Home Assistant OS is a minimal operating system containing Home Assistant that can be run on bare metal or in a VM. If you would like to run Home Assistant OS on Proxmox VE, there is some manual setup that must be done to use the virtual appliance they provide.
Download Home Assistant OS
The first step of the installation process is to download the latest version of Home Assistant OS. Be sure to select the qcow2 format—this is the virtual machine disk format that KVM/Proxmox uses.
I recommend entering the web-based shell in Proxmox, or use SSH to download the image using the following commands:
cd /root # Download Home Assistant OS v10.1 wget https://github.com/home-assistant/operating-system/releases/download/10.1/haos_ova-10.1.qcow2.xz # Decompress the downloaded image unxz haos_ova-10.1.qcow2.xz
Create a new VM
Create a new virtual machine with the following settings:
- OS: Linux 6.x-2.6 Kernel, Do not use any media
- Machine type: q35
- BIOS should be set to OVMF (UEFI), add EFI storage, but do not select pre-enroll keys, as we do not want secure boot enabled.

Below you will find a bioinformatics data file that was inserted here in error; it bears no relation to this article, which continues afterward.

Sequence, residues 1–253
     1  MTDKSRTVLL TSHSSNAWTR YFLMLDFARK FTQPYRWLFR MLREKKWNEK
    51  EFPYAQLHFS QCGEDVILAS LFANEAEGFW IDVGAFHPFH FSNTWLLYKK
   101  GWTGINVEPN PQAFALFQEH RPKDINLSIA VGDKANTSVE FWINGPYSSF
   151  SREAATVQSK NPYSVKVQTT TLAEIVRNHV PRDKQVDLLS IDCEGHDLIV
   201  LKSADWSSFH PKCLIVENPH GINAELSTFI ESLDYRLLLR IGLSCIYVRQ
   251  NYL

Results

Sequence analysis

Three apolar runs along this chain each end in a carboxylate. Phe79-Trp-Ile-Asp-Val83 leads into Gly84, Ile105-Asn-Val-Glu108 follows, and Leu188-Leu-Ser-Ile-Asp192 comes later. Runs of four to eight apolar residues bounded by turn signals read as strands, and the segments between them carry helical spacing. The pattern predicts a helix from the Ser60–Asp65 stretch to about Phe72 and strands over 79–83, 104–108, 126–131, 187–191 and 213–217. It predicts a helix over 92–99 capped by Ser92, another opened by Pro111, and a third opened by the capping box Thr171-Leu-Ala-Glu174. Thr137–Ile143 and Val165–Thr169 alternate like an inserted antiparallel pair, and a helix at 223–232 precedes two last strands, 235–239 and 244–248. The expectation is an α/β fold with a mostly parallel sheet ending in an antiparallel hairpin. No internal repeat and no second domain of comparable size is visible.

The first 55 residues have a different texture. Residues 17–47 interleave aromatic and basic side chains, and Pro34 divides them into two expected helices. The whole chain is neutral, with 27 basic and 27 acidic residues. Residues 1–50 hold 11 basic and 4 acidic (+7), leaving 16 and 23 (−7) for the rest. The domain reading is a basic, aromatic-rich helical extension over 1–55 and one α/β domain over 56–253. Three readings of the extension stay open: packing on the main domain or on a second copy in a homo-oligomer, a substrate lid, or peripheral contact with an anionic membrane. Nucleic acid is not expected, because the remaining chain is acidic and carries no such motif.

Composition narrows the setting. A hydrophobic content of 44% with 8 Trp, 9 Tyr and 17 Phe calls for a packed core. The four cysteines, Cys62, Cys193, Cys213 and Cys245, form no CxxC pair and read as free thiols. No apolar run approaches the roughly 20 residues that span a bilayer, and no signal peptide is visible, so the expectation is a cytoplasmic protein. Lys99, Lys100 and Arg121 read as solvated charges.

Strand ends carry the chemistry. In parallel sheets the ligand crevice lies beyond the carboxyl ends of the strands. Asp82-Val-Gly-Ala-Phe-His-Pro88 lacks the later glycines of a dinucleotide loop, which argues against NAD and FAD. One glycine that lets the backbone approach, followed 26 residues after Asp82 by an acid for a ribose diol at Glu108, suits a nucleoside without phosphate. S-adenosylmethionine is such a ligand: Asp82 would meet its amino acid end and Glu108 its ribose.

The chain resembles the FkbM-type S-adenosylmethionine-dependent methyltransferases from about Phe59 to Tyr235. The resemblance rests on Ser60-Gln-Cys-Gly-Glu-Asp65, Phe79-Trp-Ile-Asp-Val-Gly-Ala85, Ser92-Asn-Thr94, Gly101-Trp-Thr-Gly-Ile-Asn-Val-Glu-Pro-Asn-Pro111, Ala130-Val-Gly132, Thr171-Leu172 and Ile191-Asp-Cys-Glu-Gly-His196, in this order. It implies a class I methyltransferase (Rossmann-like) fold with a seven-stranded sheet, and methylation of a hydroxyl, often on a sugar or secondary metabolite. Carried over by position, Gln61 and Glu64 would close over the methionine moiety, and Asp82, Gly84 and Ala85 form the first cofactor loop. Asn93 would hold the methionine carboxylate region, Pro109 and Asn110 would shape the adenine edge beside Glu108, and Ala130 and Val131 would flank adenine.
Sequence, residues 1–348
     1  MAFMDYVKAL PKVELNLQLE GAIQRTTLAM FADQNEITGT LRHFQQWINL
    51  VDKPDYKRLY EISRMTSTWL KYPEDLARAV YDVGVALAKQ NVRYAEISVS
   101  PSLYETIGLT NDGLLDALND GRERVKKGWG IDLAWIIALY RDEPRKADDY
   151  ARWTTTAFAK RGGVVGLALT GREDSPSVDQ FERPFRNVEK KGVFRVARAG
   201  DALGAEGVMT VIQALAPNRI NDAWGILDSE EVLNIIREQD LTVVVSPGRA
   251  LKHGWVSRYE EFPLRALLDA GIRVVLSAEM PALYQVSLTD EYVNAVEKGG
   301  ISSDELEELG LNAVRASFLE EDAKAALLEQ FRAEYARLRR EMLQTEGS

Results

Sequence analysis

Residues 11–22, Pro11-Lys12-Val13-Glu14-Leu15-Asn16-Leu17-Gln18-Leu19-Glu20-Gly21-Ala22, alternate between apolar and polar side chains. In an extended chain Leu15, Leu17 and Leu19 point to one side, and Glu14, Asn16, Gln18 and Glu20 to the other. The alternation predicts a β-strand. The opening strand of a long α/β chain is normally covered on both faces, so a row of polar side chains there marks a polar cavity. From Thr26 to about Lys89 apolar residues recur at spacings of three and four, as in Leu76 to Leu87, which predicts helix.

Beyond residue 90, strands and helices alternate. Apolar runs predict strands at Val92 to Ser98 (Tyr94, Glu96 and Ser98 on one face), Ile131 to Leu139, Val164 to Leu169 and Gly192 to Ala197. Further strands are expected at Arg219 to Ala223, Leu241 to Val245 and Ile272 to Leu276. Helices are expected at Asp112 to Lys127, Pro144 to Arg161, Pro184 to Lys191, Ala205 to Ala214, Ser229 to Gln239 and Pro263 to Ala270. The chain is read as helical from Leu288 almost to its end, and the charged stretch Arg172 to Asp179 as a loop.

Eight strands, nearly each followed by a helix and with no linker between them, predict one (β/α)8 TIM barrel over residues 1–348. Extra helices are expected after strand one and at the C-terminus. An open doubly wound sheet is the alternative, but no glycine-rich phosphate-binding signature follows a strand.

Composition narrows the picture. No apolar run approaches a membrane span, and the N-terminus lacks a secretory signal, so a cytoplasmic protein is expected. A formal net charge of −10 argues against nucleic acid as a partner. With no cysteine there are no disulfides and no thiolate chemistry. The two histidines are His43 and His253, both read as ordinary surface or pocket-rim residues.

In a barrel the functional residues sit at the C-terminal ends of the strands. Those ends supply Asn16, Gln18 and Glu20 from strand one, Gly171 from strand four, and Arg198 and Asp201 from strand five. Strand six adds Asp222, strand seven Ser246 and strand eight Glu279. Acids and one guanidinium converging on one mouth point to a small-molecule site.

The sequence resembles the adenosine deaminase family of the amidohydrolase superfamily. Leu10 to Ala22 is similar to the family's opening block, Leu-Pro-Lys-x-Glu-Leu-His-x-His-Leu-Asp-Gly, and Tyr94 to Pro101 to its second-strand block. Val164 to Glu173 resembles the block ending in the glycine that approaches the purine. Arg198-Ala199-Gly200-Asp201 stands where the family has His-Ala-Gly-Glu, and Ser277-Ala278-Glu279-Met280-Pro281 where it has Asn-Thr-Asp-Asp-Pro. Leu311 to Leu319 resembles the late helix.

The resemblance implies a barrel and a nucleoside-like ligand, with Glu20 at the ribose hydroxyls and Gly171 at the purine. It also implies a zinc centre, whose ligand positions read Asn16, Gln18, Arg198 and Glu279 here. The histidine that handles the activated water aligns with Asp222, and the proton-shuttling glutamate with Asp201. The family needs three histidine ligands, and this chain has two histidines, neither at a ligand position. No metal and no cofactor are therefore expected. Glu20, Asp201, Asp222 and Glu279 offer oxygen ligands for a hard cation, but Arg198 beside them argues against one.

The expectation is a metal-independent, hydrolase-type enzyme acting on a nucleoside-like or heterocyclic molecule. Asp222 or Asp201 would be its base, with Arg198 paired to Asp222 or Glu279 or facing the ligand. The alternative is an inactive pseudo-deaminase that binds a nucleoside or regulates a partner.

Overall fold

- Disks: Do not add a disk at this time, we will be using the .qcow2 image.
- 2-4 CPU cores
- I always set the CPU type to
host, so the CPU will match the one in my hypervisor host
- Memory: Minimum 2GB, preferably 4GB
- Network: Defaults
Import the Home Assistant OS VM image
Next, we’ll need to import the downloaded Home Assistant OS .qcow2 image. This can be done by running the following command:
$VM_ID is the ID of your VM. The
$STORAGE_ID will be the name of
your datastore in Proxmox. In my case, I named it SSD.
More information about the qm command
qm disk import $VM_ID /root/haos_ova-10.1.qcow2 $STORAGE_ID --format qcow2 # you can delete this file once you are done importing it - it is no longer needed rm /root/haos_ova-10.1.qcow2
Once the qcow2 image is imported into the VM, we will need to set the bus/device
for the virtual hard disk. This can be done by going to the Hardware tab,
and click on the unused disk. Set the Bus/Device to
SCSI 0, and then select
Next, we will need to configure the boot order of this virtual machine so it
will boot from our downloaded disk image. To configure the boot order, go to the
Options tab in the virtual machine settings, and click on the Boot Order
option. Check the box next to the
scsi0 disk, and then uncheck the virtual
CD-ROM and network boot options. Click OK.
Once the boot order is configured, we are now ready to power on the VM. Power on the virtual machine, and then open up a console window. You should see the operating system boot, and after a short while, you will be presented with the IP address of your Home Assistant instance. You may now navigate to this address and begin setting up Home Assistant to your environment.